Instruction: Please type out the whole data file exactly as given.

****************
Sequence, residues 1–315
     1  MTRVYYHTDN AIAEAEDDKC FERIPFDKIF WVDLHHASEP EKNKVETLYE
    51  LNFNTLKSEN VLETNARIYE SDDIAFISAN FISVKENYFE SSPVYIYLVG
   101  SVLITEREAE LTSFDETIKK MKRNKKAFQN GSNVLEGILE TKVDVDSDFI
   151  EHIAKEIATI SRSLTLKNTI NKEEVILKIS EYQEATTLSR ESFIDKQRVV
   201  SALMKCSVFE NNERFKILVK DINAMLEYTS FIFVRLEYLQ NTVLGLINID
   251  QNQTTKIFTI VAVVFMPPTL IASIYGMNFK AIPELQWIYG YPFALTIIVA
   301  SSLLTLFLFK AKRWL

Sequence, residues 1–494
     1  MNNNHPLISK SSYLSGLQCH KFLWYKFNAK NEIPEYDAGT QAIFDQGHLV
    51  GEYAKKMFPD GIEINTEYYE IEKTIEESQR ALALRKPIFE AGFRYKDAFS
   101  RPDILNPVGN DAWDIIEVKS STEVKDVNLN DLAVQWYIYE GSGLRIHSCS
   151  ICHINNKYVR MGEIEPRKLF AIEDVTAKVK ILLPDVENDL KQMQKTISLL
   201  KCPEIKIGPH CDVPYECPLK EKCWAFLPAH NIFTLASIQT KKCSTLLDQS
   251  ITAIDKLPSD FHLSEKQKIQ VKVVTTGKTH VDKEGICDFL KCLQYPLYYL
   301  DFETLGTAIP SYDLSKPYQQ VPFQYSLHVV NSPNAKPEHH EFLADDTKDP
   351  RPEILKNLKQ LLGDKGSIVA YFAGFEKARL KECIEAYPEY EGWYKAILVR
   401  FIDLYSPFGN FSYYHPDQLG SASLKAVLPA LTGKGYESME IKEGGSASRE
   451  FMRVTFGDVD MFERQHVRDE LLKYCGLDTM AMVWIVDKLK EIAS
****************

Sequence, residues 1–315
     1  MTRVYYHTDN AIAEAEDDKC FERIPFDKIF WVDLHHASEP EKNKVETLYE
    51  LNFNTLKSEN VLETNARIYE SDDIAFISAN FISVKENYFE SSPVYIYLVG
   101  SVLITEREAE LTSFDETIKK MKRNKKAFQN GSNVLEGILE TKVDVDSDFI
   151  EHIAKEIATI SRSLTLKNTI NKEEVILKIS EYQEATTLSR ESFIDKQRVV
   201  SALMKCSVFE NNERFKILVK DINAMLEYTS FIFVRLEYLQ NTVLGLINID
   251  QNQTTKIFTI VAVVFMPPTL IASIYGMNFK AIPELQWIYG YPFALTIIVA
   301  SSLLTLFLFK AKRWL

Sequence, residues 1–494
     1  MNNNHPLISK SSYLSGLQCH KFLWYKFNAK NEIPEYDAGT QAIFDQGHLV
    51  GEYAKKMFPD GIEINTEYYE IEKTIEESQR ALALRKPIFE AGFRYKDAFS
   101  RPDILNPVGN DAWDIIEVKS STEVKDVNLN DLAVQWYIYE GSGLRIHSCS
   151  ICHINNKYVR MGEIEPRKLF AIEDVTAKVK ILLPDVENDL KQMQKTISLL
   201  KCPEIKIGPH CDVPYECPLK EKCWAFLPAH NIFTLASIQT KKCSTLLDQS
   251  ITAIDKLPSD FHLSEKQKIQ VKVVTTGKTH VDKEGICDFL KCLQYPLYYL
   301  DFETLGTAIP SYDLSKPYQQ VPFQYSLHVV NSPNAKPEHH EFLADDTKDP
   351  RPEILKNLKQ LLGDKGSIVA YFAGFEKARL KECIEAYPEY EGWYKAILVR
   401  FIDLYSPFGN FSYYHPDQLG SASLKAVLPA LTGKGYESME IKEGGSASRE
   451  FMRVTFGDVD MFERQHVRDE LLKYCGLDTM AMVWIVDKLK EIAS